Home Email this page Print this page Bookmark this page Decrease font size Default font size Increase font size
Noise & Health  
 CURRENT ISSUE    PAST ISSUES    AHEAD OF PRINT    SEARCH   GET E-ALERTS    
 
 Next article
 Previous article
Table of Contents

Similar in PUBMED
   Search Pubmed for
   Search in Google Scholar for
 Related articles
Citation Manager
Access Statistics
Reader Comments
Email Alert *
Add to My List *
 * Requires registration (Free)
 

 Article Access Statistics
    Viewed6008    
    Printed193    
    Emailed2    
    PDF Downloaded114    
    Comments [Add]    

Recommend this journal

 

 ARTICLES
Year : 2001  |  Volume : 3  |  Issue : 11  |  Page : 1--18

Gene expression changes in chinchilla cochlea from noise-induced temporary threshold shift


Center for Hearing and Deafness, SUNY University of Buffalo, Buffalo, NY, USA

Correspondence Address:
Richard Salvi
Hearing Research Lab, 215 Parker Hall, SUNY University of Buffalo, Buffalo, NY 14214
USA
Login to access the Email id

Source of Support: None, Conflict of Interest: None


PMID: 12689445

Rights and PermissionsRights and Permissions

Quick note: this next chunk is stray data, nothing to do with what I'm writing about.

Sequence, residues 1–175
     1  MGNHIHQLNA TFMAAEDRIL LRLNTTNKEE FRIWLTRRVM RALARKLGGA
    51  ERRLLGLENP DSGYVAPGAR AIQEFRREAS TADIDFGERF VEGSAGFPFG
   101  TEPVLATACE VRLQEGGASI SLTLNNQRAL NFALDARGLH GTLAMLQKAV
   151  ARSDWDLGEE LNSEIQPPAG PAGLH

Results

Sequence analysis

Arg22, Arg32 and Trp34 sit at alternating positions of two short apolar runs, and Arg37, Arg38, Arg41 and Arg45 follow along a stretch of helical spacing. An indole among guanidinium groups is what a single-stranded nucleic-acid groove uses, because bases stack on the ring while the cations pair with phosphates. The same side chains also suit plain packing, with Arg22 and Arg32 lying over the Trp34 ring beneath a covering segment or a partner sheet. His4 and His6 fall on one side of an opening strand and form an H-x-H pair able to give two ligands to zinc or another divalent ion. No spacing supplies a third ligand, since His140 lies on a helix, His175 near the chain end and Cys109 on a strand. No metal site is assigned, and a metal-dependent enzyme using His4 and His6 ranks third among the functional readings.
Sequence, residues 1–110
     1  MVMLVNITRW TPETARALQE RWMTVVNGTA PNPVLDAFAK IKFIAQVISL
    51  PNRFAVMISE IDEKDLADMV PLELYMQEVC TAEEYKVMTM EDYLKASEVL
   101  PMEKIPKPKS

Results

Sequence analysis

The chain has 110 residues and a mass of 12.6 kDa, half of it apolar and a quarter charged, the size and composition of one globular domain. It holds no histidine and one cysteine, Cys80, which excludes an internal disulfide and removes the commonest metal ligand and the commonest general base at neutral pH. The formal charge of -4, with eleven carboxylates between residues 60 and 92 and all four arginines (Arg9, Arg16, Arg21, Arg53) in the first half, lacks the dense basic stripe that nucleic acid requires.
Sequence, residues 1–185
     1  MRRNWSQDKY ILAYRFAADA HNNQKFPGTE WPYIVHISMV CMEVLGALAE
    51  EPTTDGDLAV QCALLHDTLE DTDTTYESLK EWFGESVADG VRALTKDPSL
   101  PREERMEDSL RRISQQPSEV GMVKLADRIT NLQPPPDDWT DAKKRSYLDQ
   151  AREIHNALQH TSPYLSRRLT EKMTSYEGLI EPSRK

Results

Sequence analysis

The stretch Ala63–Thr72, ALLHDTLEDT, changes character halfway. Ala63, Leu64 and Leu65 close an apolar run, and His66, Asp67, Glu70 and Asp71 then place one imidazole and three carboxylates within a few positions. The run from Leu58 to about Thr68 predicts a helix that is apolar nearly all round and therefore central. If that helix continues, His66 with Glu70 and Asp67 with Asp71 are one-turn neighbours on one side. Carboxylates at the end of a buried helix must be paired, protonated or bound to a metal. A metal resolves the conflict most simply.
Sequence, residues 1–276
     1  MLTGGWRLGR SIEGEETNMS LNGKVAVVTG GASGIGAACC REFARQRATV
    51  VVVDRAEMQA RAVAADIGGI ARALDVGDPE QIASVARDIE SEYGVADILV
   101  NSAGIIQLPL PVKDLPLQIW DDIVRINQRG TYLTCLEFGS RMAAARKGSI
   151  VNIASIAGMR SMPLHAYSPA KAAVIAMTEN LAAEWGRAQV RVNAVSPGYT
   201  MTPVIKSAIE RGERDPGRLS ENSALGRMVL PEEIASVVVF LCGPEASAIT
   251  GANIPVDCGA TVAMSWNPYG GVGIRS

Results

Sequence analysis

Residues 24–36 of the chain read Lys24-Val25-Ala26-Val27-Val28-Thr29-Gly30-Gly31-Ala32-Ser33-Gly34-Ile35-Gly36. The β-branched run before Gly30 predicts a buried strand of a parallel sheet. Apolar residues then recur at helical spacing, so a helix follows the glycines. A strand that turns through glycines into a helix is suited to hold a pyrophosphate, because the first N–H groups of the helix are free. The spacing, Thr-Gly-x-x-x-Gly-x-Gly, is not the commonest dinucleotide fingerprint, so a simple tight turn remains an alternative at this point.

Acoustic overstimulation produces many anatomical, biochemical and physiological changes in the inner ear. However, the changes in gene expression that underlie these biological changes are poorly understood. Our approach to investigating this problem is to use gene microarrays to measure the changes in gene expression in the chinchilla inner ear following a 3 h or 6 h noise exposure (95 dB SPL, 707-1414 Hz). This noise exposure causes a temporary threshold shift (~40 dB) and a temporary reduction in distortion product otoacoustic emissions (DPOAE), but no permanent hearing loss or hair cell loss. Here, we present data showing (1) the suitability of mouse and human complementary DNA (cDNA) clones for detecting chinchilla cochlear gene transcripts, and (2) the change in cochlear gene transcripts in noise exposed chinchillas. Chinchilla cochlear transcript probes exhibited strong and discrete signals on both mouse and human cDNA filter arrays. Since the strongest hybridization occurred with mouse clones, mouse cDNA microarrays were used to study noise-induced changes in gene expression. Chinchilla cDNA probes were differentially labelled with Cy3 (control) or Cy5 (noise exposed) by random primed synthesis, hybridized to 8750 mouse cDNAs arrayed on microscope slides and analysed by laser fluorescent microscopy. Several classes of genes exhibited time-dependent up regulation of transcription, including those involved in protein synthesis, metabolism, cytoskeletal proteins, and calcium binding proteins. The results are discussed in relationship to previous studies showing noise-induced changes in structural proteins, calcium binding proteins, metabolic enzymes and membrane bound vesicles.






[FULL TEXT] [PDF]*


        
Print this article     Email this article